April 2nd, 2019
Wrestling with the Image: Caribbean Interventions
On February 3, 2011, Edouard Glissant, one of the most important writers of the French Caribbean, died at age 82. Born in Martinique in 1928, Glissant moved to Paris in 1946 to study at the Sorbonne. Friends with figures such as Frantz Fanon, and guided by his own status as a colonial subject, Glissant’s plays, poems and essays reflect on the legacy, history and meaning of colonialism, the slave trade, and racism. Though Glissant’s politics changed and evolved over time, in 1997 he wrote in a single sentence that would become his most well known political position: ‘We demand the right to opacity.’ In hearing this phrase, it must be made clear that the demand for opacity is not a demand for invisibility or obscurity, but a demand for the right not to be understood. It is a demand for the right to exist without fulfilling what he, Glissant, believed was the western perspective’s desire for transparency and the denial of difference. Obscurity absolutely frustrates knowledge, but this frustration ‘this unknowability’ is also, for Glissant, a sign of potentiality, a kind of identity that exists as a becoming rather than a static being.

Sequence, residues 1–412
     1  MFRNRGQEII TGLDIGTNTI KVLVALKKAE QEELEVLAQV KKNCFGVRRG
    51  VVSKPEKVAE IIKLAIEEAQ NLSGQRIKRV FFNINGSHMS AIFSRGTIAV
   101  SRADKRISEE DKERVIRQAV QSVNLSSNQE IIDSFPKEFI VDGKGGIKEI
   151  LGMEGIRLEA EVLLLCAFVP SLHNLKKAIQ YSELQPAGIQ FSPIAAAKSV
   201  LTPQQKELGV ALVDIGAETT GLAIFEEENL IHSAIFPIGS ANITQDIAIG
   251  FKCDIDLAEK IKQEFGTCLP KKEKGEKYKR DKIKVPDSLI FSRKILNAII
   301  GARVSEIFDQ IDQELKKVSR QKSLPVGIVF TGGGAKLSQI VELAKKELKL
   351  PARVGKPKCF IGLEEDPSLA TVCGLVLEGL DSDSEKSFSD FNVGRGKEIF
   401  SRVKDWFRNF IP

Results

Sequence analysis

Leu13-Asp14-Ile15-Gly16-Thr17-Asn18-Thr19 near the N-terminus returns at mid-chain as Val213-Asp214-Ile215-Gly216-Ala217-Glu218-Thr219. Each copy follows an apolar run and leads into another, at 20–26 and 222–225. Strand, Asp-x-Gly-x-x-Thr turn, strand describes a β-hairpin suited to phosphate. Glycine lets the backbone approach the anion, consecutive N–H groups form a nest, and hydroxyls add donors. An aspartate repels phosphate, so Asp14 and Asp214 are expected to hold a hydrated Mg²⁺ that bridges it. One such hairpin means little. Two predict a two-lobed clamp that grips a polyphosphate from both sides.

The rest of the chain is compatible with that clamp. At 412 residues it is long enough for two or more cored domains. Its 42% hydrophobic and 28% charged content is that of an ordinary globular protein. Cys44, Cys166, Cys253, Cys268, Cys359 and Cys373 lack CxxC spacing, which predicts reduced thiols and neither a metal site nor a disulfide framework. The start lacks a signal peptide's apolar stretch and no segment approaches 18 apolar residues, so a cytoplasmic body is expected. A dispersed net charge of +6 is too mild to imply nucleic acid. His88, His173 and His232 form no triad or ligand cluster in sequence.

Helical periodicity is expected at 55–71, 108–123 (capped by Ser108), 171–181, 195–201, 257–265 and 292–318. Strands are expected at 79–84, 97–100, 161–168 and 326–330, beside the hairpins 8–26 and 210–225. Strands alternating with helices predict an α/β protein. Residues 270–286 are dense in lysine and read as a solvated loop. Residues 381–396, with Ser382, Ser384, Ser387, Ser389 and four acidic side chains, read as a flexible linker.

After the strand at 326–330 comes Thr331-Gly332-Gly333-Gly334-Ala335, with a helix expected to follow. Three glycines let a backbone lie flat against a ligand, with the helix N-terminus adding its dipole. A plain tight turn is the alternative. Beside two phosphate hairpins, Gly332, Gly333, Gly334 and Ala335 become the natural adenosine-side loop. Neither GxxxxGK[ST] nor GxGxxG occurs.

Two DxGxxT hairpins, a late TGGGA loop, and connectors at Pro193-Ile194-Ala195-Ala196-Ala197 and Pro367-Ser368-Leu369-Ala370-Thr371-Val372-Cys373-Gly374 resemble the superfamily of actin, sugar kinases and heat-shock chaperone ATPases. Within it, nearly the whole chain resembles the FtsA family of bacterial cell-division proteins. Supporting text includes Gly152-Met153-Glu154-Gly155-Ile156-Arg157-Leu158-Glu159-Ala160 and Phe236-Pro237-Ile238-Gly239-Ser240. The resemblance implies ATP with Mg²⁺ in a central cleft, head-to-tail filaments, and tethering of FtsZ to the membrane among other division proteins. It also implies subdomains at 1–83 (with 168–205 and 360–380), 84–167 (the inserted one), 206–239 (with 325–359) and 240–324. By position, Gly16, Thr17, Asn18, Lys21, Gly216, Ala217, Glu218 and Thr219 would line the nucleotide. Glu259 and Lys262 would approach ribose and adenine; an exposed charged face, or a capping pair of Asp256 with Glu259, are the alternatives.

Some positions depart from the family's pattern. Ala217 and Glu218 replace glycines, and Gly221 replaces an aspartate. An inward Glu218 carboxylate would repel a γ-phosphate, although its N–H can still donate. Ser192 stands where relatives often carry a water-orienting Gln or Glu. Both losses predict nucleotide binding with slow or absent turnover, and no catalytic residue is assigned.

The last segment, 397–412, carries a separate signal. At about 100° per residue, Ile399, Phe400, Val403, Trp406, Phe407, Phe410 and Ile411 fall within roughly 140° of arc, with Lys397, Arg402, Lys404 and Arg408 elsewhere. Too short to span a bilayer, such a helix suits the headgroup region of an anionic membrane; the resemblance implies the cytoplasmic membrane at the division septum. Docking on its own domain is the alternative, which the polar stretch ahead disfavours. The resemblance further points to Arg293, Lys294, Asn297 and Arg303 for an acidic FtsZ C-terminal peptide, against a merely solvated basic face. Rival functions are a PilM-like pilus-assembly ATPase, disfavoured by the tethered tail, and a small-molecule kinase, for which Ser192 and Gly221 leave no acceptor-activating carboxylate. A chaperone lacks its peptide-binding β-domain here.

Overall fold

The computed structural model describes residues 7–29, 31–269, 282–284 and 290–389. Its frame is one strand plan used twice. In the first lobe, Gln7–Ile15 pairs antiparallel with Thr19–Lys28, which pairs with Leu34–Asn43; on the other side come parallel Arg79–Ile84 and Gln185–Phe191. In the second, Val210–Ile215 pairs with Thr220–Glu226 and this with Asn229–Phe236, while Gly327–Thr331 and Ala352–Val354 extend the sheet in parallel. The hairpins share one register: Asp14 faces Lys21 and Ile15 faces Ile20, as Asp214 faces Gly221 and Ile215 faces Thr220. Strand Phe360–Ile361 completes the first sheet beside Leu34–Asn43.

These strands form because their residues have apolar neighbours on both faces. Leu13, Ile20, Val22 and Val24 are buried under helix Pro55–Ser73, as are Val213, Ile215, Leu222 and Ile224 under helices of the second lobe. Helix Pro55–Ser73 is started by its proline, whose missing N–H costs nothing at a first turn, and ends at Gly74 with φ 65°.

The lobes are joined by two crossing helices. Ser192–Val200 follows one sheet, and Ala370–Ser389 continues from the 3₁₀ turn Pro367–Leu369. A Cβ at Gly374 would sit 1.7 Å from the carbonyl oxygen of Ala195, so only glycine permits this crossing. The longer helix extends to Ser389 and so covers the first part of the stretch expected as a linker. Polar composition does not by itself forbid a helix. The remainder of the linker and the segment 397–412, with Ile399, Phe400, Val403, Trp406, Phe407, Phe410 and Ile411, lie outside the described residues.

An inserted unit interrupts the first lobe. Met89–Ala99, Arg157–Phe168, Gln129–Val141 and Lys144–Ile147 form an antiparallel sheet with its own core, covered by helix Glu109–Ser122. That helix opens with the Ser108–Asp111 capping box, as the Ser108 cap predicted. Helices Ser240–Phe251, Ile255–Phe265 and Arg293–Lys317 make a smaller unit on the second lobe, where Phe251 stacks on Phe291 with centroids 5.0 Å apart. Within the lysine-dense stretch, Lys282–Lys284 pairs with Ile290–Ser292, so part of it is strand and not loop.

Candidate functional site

The first time I saw ‘Wrestling with the Image: Caribbean Interventions,’ Edouard Glissant had just died and his advocacy for opacity as a strategy of resistance was on my mind and guided my viewing. This proved to be a serendipitous lens through which to see the show as curators Christopher Cozier and Tatiana Flores presented a model for viewing or representing history as an emerging and fragmented partiality. A partiality, however, that does not preclude, but rather enriches one’s ability to contemplate the circumstances it seeks to describe. In the exhibition, which opened at the Art Museum of the Americas in Washington, D.C. in January and was up through mid-March, Cozier and Flores grouped together thirty-six artists from fourteen Caribbean countries and the international diaspora. Included are works of photography, drawing, painting, video, and installation.